Thursday, 15 October 2009

Mum's the Word


*Claps hands!* - I’ve managed to blag an extra hour on the laptop to do homework. Little does Mum know I’m here to write her blogpost. I mean, it’s not like she’ll get around to it herself - *rolls eyes*. She's going through another of her writing crises.

You’d think I’d be the over-emotional one. You know, with boyfriend probs, SATs exams, pressure to binge on cider, do ecstasy (yeah, I read the Daily Mail) or shag (Mum hates that word). But none of that compares to her latest rejection letter or crappy editorial report. And those supportive emails she gets from her writing friends, covered in smilies and kisses… Ugh! I’m never going to be like that when I reach their age. It’s so unsophisticated. You should see the flirty emails she sends to various men at WriteWords… Yeah, okay, I peeked at her inbox. That’ll teach her to read my school journal and spot the detention I forgot to tell her about. Anyway, I left one open on the screen so that Dad might ‘accidentally’ take a look - but all he did was close it so he could Google the football results.

It’s so unfair! I’m not allowed to make friends on Myspace and here she is practically snogging strangers over the internet – some of them have even met up. I mean, how dangerous is that, even writers could be vampire lesbians or axe murderers! And you should see her whenever we shop in Waterstones, announcing their book titles in a loud voice… It’s not like they’re Stephanie Meyer. Or JK Rowling. Or Jordan.

So, what’s all the latest fuss about? *Removes ipod plugs from ears*. Oh God! She’s still ranting on to poor Dad.*Puts plugs back in*. Apparently everyone thinks she should rewrite her latest book for teens. God, that’s random – as if Mum understands anything about being young. So if you’re out there, you sick people (no offence) who suggested this, you are soooo wrong. It’s embarrassing. Did you know Barry Manilow sings her ringtone? She calls funky short skirts “tarty belts” and can’t understand why I’d kill to snog Robert Pattinson. She fancies Simon Cowell - Simon Cowell! - and tries to be what she calls "street" with my friends, chatting about music and downloads. She doesn’t even know her Pixie Lott from Geldof. Why can’t she be like Megan’s mum and just say ‘That’s nice, dear’ before disappearing off to make tea? What’s even more random is that my friends don’t seem to mind and laugh at her jokes.

Then there’s the food – she still adds up my five-a-day and thinks I’m anorexic if I miss breakfast. Although that’s nothing compared to when I brought Tom home last month. Mum had been on at me for weeks, saying its her biological, God-given right to meet my boyfriend. Fine, I eventually said (after she bribed me with several chunky caramel Kit-Kats), as long as she didn’t wear her M&S lycra leggings (she thinks they’re really cool). And it all went okay, even when she asked if his phone had got Greentooth - until she served the pudding: home-made fairy cakes, decorated with pink icing and silver balls.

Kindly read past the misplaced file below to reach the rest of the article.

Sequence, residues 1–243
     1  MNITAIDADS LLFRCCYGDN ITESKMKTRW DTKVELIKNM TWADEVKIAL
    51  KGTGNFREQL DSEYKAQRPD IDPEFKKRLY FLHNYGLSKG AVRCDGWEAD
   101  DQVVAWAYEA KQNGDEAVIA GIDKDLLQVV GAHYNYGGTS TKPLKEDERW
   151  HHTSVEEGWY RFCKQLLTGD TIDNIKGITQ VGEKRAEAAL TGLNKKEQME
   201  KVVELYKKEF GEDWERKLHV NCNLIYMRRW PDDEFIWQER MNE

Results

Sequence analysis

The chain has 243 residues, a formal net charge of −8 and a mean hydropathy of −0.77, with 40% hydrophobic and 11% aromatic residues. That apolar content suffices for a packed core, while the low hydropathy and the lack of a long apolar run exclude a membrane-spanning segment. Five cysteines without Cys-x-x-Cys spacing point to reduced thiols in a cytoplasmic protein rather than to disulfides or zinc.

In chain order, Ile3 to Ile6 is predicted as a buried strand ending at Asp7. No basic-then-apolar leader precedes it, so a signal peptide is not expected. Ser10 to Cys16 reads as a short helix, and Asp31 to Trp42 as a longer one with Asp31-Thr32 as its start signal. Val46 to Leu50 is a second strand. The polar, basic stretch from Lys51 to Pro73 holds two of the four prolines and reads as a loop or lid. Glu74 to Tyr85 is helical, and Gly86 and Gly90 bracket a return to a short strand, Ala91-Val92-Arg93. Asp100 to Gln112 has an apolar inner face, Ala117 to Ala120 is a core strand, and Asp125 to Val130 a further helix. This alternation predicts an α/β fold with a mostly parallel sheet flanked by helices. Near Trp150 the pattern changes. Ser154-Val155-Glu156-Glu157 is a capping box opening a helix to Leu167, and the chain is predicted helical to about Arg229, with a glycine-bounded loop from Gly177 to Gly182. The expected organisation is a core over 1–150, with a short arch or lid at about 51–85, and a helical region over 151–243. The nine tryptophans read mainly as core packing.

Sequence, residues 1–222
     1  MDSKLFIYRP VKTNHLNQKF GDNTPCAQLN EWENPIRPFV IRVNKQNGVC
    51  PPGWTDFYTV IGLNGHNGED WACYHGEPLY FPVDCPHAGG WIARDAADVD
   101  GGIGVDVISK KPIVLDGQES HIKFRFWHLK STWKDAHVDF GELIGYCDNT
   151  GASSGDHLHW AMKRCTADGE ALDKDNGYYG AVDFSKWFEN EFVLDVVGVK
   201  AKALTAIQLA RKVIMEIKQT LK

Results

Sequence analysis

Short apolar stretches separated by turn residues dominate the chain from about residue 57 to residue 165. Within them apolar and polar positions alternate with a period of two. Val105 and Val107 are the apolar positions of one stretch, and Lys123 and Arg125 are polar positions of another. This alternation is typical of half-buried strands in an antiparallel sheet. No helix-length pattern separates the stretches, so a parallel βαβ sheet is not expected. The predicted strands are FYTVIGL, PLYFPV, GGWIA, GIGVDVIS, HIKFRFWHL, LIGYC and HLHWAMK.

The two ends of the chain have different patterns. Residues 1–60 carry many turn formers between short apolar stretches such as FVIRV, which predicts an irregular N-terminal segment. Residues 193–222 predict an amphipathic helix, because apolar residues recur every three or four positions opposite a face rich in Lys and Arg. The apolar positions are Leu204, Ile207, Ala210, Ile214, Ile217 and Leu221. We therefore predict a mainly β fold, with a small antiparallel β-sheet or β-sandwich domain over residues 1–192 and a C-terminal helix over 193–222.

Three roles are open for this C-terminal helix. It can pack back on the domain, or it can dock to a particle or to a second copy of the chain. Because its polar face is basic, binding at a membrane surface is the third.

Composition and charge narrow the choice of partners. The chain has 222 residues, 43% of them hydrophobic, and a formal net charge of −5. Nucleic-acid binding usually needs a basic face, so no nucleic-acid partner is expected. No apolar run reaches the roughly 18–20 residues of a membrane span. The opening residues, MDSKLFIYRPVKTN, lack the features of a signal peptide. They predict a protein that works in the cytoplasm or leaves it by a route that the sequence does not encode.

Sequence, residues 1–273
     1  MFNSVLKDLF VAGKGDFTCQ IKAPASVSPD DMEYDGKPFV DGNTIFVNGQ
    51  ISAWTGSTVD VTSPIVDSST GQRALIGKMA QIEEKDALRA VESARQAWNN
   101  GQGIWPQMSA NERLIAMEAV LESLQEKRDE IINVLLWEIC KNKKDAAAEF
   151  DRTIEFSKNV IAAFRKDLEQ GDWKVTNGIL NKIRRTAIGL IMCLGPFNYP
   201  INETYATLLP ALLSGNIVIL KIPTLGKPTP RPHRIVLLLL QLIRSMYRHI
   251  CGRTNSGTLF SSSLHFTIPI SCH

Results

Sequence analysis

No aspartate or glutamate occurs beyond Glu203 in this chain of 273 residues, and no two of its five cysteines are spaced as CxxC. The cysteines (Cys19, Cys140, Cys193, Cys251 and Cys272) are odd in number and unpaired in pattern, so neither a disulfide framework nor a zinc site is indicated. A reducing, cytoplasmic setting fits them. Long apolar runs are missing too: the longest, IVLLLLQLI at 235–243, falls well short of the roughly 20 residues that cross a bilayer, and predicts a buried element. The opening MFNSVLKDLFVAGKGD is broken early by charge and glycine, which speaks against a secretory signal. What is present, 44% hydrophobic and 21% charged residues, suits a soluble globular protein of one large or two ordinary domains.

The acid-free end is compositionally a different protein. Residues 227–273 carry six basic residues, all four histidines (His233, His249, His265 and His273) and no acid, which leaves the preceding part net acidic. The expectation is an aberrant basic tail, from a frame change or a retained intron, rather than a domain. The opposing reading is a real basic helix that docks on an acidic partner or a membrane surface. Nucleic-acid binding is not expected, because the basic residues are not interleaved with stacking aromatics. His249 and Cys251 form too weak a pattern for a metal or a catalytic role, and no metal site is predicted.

So please, any of you lot with half a brain – or heart – DON’T GIVE MY MOTHER ANY MORE BONKERS IDEAS!

Better go now. I promised I’d make her and me hot chocolate with marshmallows on top. We’re going to drink them in my room and if she’s still set on this mad teen lit idea, I suppose I could show her some of my favourite books. Then I’ll test out my new foundation on her skin as blotchy red eyes really aren’t a good look. Perhaps I’ll let her try my dazzle eyeshadow from Claire’s. She’ll like that. And I might even laugh at one of her jokes…

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21 comments:

Rosy T said...

Wonderful post, Sam! If this is anything to go by, you shouldn't have any problem finding that 'teen voice'!

Samantha Tonge said...

Thanks, Rosy:)

Not sure about that, though - i always knew it was hard writing for kids and i had to really concentrate and anaylse every word doing this (and still feel it's not brill). I can't imagine doing a whole book!

Still, it was an interesting exercise and great fun!

Samantha Tonge said...

In fact i've just read it through again, and can hear my adult voice in parts...

So, hats off to all you kidsfickers!!!

Geraldine Ryan said...

Great idea for a post, Sam! But what a narrow-minded daughter!

Samantha Tonge said...

Hmm, i might need to widen my idea of what a teenager is:)

Susie Nott-Bower said...

Love it, Sam!